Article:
Otago Daily Times

Em­pa­thy and positivity in times of cri­sis the marks of a good leader

- Productivity · Lifehacks · Invercargill

THE Covid cri­sis has been the mak­ing of some lead­ers.

Among the or­gan­i­sa­tions I work with, I have seen the best lead­ers turn this cri­sis into an op­por­tu­nity to demon­strate how much their peo­ple mat­ter to them. One ex­am­ple was a leader of a medium­sized busi­ness who, dur­ing lock­down, sur­prised all their peo­ple with a gift pack­age on their doorstep and then ar­ranged a com­pany­wide so­cial cel­e­bra­tion by Zoom.

Ap­par­ently even the most tech­no­log­i­cally chal­lenged man­aged to join the event, mo­ti­vated by the gen­eros­ity of their leader.

At a re­cent work­shop I ran, a woman told me that, dur­ing lock­down, her man­ager texted her ev­ery morn­ing to see how she was do­ing, some­thing this man­ager did for all their peo­ple.

The woman ex­pressed to me how much it meant to her and how cared for and val­ued it made her feel. I could see the grat­i­tude and loy­alty for her leader that this sim­ple act had cre­ated.

In both these in­stances, our lead­ers knew just what was needed to make their staff feel cared for and ap­pre­ci­ated. They were emo­tion­ally in tune with what their peo­ple were go­ing through, and what would help.

Lead­ers’ in­flu­ence on the emo­tional state of their team can fall any­where from flatly in­struct­ing the team to “get on with it and stop com­plain­ing” to cheer­fully telling them that they are all sim­ply won­der­ful.

While the for­mer in­spires noone, the lat­ter can have a sim­i­lar ef­fect, if it is not sup­ported with com­pa­ra­ble ac­tions. When lead­ers are out of touch with their team — un­able or un­will­ing to see that their peo­ple are frus­trated, wor­ried or other­wise un­happy — any pos­i­tive and up­beat mes­sages only serve to cre­ate more dis­so­nance be­tween them­selves and their team.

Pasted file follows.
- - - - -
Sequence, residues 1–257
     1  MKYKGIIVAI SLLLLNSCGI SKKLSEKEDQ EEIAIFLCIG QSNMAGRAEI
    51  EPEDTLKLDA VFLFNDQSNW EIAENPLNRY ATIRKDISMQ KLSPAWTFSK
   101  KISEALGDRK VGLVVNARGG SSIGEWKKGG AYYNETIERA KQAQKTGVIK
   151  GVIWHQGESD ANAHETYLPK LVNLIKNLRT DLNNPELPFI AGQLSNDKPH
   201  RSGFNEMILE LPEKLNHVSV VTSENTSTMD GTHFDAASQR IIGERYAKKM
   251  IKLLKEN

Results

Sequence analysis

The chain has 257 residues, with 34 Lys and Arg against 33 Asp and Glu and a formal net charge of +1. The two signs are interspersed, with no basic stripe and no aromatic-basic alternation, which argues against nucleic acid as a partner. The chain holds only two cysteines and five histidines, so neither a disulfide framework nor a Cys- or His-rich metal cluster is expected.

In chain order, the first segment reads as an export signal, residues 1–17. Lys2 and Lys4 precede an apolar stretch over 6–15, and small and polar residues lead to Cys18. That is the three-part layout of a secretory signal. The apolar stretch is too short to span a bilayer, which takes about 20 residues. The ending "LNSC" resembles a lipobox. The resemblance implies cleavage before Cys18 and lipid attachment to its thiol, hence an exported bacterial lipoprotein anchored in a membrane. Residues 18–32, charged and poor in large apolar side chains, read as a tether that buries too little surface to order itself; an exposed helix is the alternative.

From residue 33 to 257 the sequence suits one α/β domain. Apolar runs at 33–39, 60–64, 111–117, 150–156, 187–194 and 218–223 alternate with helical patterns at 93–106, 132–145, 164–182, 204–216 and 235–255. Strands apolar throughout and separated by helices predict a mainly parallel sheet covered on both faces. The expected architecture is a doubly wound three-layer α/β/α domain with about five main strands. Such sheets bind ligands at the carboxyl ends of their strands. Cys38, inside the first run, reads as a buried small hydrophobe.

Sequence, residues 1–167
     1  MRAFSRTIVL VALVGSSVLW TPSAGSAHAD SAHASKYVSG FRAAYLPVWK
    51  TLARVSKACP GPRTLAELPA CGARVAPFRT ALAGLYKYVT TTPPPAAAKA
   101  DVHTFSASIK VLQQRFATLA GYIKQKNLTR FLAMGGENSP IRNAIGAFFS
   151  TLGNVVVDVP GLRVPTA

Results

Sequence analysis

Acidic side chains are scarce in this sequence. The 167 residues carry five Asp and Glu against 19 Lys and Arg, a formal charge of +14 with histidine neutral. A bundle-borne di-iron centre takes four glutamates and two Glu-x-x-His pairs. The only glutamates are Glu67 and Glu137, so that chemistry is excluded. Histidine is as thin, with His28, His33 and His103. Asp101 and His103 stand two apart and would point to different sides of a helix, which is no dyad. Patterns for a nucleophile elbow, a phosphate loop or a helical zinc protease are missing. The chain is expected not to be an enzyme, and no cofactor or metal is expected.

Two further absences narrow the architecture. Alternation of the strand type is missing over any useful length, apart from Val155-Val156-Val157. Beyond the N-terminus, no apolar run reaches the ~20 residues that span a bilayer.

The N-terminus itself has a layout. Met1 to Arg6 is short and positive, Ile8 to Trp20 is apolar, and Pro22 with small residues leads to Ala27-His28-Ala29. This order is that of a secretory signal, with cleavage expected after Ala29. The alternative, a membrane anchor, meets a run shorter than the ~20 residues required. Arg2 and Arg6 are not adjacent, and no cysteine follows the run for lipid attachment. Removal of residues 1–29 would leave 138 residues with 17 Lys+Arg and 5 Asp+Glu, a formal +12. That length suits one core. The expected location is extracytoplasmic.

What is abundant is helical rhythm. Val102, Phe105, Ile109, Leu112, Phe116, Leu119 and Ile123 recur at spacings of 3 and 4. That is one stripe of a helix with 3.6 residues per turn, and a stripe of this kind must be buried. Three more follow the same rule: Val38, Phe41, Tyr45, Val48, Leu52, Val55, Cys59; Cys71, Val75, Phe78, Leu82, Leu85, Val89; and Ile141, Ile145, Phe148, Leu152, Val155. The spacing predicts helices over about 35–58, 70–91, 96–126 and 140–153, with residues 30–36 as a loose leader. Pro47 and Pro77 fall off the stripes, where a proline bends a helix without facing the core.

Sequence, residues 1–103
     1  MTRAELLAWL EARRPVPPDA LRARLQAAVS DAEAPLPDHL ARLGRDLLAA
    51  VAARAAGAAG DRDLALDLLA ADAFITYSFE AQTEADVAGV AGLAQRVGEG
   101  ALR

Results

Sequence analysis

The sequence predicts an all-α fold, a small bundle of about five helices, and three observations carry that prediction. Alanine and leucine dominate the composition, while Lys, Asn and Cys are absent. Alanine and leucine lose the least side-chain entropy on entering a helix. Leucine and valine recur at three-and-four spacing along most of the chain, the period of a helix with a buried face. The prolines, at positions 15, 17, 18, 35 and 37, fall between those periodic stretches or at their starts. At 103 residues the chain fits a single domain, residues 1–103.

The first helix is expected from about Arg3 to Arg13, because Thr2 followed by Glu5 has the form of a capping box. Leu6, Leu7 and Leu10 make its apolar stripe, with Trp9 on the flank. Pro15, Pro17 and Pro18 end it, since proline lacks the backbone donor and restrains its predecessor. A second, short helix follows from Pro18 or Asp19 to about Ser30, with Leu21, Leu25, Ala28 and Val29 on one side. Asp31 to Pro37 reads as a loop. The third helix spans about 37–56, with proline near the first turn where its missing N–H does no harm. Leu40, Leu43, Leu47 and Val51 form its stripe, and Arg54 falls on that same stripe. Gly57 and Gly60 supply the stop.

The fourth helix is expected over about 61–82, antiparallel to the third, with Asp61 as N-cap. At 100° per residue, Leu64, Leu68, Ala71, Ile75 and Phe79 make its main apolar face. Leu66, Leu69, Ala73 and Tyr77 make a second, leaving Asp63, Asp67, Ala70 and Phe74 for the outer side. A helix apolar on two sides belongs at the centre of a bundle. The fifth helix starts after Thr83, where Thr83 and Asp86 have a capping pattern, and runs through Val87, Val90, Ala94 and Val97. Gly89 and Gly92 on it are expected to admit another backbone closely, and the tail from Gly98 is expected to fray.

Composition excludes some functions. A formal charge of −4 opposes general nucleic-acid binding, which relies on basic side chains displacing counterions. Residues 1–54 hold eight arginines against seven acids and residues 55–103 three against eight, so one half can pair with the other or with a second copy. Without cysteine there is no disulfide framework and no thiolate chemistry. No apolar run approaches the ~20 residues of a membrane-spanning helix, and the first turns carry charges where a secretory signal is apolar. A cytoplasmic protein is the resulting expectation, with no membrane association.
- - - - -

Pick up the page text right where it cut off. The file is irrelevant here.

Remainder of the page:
‘‘Dis­so­nance’’ can be de­fined as a lack of har­mony among mu­si­cal notes, peo­ple or things. By con­trast, ‘‘res­o­nance’’ is the pro­long­ing of sound by re­flec­tion, or the syn­chro­nous vi­bra­tion of a nearby ob­ject. Res­o­nant lead­er­ship is the emo­tion­ally in­tel­li­gent leader see­ing their team’s frus­tra­tion or anger (and of course pos­i­tive feel­ings too) and em­pathis­ing, re­flect­ing and ex­press­ing these feel­ings for the group. A syn­chro­nous vi­bra­tion of the team’s en­ergy, if you like.

So if we need to un­der­stand, re­flect and ex­press our team’s emo­tional state in order to be an ef­fec­tive, res­o­nant leader, what do we do when our team is clearly feel­ing down, neg­a­tive, up­set or un­mo­ti­vated?

If be­ing cheery and pos­i­tive is go­ing to cre­ate dis­so­nance, then doesn’t that mean a res­o­nant leader would get along­side their team to whinge and com­plain with them?

How should a leader solve this quandary?

As with many things about lead­er­ship, the sit­u­a­tion re­quires you to walk a fine line and find a pre­car­i­ous bal­ance; in order to prac­tise res­o­nance, you do need to lis­ten, em­pathise and ac­knowl­edge the pre­vail­ing emo­tional state of your team. Some phrases you might use here are: